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#SwipeLeft: Science Says Online Dating Is Terrible for Your Mental Health







If you've taken a swim into the world of online dating, you know that it can be a real bummer. The terrible behavior that it normalizes–ghosting, orbiting, and, now r-bombing–is emotional abuse in its purest form, and it inevitably has a negative impact on emotional well-being.


A 2011 study found that rejection stimulates the same somatosensory brain system as physical pain. In the same way that holding hands can alleviate physical pain, being ghosted can cause it.


Another 2017 study of 1,300 college students found that those who used Tinder periodically tended to have lower self-esteem and more body image issues than those who didn't engage with the popular online dating platform.


"We found that being actively involved with Tinder, regardless of the user's gender, was associated with body dissatisfaction, body shame, body monitoring, internalization of societal expectations of beauty, comparing oneself physically to others, and reliance on media for information on appearance and attractiveness,"

J. Strübel, Professor University of Texas


These findings corroborate other studies that have found that social media in general often makes people feel depressed, because it encourages users to objectify themselves and constantly compare themselves unfavorably to others. It's no small wonder that people between 18 and 22—AKA the 'iGeneration'—were recently found to be the loneliest age group in America. After all, 39 percent of them admit to being online "almost constantly."


The rise of tech addiction very much feeds into the detrimental effects of online dating, as well. Last year, Match.com, which has over 7 million paid subscribers, released a survey that revealed one in six adults self-identifies as being "addicted" to the process of trying to find a mate. And, you may have guessed it-- their mental health suffered tremendously as a result.


"People who self-described as having really addictive-style behaviors toward the internet and cellphones scored much higher on depression and anxiety scales," Lleras, a UI professor who conducted a 2016 study linking obsessive cellphone usage with poor mental health, quoted.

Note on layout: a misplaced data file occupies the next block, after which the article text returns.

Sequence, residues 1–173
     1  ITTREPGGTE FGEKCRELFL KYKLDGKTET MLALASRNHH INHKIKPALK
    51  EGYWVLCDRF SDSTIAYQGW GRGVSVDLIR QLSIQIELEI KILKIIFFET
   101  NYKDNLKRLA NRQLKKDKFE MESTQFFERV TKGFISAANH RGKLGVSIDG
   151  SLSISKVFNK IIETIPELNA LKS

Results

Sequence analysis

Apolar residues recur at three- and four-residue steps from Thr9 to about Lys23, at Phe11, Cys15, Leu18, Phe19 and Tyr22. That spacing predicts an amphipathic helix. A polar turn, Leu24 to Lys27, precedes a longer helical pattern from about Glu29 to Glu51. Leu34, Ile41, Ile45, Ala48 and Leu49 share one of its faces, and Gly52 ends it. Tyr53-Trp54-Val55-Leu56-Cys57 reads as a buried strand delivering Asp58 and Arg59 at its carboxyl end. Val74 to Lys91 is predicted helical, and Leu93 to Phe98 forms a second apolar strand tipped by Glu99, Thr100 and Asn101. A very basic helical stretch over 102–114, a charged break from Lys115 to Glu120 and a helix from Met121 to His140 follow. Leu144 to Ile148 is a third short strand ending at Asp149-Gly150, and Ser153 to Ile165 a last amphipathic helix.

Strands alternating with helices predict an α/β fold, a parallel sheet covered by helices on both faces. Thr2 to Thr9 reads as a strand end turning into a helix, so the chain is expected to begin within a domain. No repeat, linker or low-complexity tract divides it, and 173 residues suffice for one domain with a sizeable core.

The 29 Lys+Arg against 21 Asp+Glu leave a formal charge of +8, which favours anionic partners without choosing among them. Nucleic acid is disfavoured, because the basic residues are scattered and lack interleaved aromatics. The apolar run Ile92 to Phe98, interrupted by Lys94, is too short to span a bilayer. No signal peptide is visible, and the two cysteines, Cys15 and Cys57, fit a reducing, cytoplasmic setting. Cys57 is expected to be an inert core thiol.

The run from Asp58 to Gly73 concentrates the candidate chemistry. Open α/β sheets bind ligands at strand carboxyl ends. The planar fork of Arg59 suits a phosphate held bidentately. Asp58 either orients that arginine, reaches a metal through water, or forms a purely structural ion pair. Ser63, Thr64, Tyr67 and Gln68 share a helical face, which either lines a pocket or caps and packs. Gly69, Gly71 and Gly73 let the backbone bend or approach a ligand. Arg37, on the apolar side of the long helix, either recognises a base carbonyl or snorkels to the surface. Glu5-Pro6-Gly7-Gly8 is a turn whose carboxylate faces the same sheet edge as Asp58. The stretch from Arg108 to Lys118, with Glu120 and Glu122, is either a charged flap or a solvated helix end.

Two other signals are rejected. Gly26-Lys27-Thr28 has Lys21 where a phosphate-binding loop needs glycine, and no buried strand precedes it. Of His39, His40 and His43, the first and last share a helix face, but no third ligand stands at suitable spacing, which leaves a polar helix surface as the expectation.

When used properly, the Internet can be a great place. (But rarely anybody is using it properly). Studies have found that posting about your fitness goals on Instagram can help you lose weight, and other research has pointed to the fact that certain Reddit groups can help people fighting depression.


Similarly, online dating can have great benefits. Today, one in five couples meet online, and some statistics project that by 2040, 70 percent of relationships will have started online. Online dating has also been particularly beneficial to marginalized groups, such as the LGBT community, as well as the elderly. Online dating can therefore be a great tool, but only if you don't get addicted to it, and shy away from seeing yourself as disposable. If you take rejection very personally, online dating might also not be right for you. Online dating woes and a handful of bad dates are just the tip of the iceberg for the detrimental effects of social media on mental health.





Sorry for being the bearer of bad news, but it gets much worse. Sign up for our town-hall to learn how you can help. And trust us, you're much better off meeting in person.



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